Its one big roadeo in Texas

March 21, 2002

When congestion strikes, people are treated like Texas cattle. Hundreds are trying to move in, but the gate is only so wide.

When congestion strikes, people are treated like Texas cattle. Hundreds are trying to move in, but the gate is only so wide.

But the one state familiar with handling such herds is looking to acquire more land. The Texas Department of Transportation (TxDOT) is currently working on three major highway construction projects—the “Dallas High Five,” expansion on I-35 and the new I-69. All carry heavyweight numbers. The High Five is currently the largest job in TxDOT history, and the I-35 upgrade near Waco will cost about $1 billion and take 10 years to complete. The baby of the group will create more than just a baby rattle. I-69 will be a 1,000-mile-long highway through Texas and flaunts a $6 billion price tag. Environmental studies are currently under way, which could take three to five years, according to TxDOT spokesperson Gaby Garcia.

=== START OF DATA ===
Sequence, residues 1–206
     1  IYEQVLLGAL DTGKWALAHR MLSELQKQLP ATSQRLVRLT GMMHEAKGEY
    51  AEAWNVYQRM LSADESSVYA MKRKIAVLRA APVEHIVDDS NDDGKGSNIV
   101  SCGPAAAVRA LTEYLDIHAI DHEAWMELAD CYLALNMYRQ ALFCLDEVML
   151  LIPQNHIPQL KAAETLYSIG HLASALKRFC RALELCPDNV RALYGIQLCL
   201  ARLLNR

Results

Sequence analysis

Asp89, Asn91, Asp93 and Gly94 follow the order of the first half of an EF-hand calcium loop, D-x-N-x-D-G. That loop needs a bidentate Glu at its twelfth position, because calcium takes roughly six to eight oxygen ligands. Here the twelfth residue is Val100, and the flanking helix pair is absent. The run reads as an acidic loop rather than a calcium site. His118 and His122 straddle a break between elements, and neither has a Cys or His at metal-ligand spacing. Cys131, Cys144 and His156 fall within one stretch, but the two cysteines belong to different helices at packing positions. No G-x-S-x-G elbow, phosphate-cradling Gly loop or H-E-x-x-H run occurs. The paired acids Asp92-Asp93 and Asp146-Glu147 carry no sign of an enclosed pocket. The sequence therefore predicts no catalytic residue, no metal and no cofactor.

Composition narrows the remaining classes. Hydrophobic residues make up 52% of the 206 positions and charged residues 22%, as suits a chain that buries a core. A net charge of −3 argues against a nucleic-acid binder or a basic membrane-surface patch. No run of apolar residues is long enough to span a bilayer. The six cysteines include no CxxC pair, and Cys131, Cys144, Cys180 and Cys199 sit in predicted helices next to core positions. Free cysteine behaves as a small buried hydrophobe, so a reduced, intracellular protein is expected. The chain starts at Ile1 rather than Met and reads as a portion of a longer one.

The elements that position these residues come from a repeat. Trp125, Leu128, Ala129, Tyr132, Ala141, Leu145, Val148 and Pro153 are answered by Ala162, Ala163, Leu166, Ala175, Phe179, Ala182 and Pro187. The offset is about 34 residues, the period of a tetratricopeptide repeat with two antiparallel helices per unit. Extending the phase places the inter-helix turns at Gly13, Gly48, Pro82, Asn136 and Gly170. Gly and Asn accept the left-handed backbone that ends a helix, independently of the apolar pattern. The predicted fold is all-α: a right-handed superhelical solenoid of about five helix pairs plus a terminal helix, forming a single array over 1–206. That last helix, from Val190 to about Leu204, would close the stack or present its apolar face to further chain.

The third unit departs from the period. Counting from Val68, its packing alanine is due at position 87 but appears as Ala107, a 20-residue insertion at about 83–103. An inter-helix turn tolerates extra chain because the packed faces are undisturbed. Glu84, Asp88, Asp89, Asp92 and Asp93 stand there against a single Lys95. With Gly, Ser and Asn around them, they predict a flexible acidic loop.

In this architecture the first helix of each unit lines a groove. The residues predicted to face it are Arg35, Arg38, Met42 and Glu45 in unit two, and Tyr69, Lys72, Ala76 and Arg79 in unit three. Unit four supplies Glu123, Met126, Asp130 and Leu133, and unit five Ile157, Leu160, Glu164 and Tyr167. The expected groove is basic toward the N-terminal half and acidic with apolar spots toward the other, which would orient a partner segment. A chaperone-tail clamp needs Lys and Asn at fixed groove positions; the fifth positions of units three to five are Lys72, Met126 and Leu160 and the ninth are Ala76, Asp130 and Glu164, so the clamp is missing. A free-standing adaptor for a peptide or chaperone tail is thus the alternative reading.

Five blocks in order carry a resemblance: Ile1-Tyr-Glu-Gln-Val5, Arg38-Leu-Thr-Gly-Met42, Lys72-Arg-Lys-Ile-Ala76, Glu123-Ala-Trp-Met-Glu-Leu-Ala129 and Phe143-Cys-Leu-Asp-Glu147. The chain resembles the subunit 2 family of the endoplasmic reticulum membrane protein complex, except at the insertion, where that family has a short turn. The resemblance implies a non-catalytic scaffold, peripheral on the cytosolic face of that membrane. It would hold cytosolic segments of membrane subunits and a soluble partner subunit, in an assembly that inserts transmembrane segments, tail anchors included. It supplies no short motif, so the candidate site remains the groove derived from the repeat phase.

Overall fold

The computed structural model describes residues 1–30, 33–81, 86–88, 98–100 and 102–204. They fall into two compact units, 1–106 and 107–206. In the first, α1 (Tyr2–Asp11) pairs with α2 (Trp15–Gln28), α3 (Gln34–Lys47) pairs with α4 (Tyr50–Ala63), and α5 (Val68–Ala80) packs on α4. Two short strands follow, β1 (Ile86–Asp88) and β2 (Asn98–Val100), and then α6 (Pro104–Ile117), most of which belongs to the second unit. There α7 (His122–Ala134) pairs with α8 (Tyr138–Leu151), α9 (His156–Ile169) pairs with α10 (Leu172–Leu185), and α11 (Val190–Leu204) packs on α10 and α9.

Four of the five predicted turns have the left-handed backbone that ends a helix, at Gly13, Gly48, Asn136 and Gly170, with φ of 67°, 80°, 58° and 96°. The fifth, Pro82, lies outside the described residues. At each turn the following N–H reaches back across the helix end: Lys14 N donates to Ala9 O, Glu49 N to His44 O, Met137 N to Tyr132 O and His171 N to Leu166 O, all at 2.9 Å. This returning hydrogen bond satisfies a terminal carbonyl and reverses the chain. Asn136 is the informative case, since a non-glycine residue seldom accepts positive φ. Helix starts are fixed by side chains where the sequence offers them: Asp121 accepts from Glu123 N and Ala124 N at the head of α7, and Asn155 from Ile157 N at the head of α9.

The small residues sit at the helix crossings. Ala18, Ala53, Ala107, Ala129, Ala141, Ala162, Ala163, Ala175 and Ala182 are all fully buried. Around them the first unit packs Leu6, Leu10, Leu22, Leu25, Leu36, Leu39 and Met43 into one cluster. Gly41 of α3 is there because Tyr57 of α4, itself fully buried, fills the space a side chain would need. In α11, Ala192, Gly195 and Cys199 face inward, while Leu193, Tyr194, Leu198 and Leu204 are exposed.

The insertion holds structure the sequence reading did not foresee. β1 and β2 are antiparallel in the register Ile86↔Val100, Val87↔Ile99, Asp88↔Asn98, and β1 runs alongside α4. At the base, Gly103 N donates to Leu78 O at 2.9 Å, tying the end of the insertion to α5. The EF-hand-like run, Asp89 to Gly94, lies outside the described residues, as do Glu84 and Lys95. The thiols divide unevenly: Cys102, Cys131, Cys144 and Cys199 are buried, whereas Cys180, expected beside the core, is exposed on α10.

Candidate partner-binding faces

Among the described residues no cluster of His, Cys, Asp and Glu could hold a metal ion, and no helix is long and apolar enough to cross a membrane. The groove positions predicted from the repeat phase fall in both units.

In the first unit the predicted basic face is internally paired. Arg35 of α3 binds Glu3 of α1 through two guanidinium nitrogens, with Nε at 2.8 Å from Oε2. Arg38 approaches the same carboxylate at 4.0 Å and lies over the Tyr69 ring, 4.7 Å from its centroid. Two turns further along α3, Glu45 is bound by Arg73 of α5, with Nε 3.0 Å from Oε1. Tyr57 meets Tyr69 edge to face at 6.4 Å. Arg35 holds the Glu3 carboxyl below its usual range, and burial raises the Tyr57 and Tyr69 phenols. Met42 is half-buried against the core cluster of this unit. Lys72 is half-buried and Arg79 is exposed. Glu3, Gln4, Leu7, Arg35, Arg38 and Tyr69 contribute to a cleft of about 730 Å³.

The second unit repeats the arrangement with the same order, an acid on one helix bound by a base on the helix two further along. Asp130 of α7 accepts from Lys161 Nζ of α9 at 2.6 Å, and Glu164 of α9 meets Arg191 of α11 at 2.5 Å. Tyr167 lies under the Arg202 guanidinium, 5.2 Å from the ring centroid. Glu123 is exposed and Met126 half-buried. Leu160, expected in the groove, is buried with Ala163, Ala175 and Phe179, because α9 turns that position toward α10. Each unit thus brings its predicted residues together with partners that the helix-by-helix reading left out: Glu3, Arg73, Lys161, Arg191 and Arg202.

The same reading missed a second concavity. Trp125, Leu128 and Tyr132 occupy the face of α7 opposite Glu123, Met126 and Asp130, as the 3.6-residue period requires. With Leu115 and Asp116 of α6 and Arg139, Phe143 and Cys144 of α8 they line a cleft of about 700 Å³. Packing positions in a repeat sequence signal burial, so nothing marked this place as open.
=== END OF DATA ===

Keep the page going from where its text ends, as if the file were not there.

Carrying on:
“This will be another interstate through Texas and is certainly needed,” Garcia told Roads & Bridges. “We expect to be at full speed with the environmental studies in the next few months.”

Due to its size, I-69 will touch a lot of lives long before pavers make an appearance, which makes any kind of impact evaluation critical. Endangered species, wetlands, pollution and social/economic effects are just a few of the areas TxDOT will investigate thoroughly. Right now, the corridor is 20-50 miles wide. The coverage area will be reduced after environmental studies reveal a “preferred alignment,” which will be sent to the Federal Highway Administration for approval.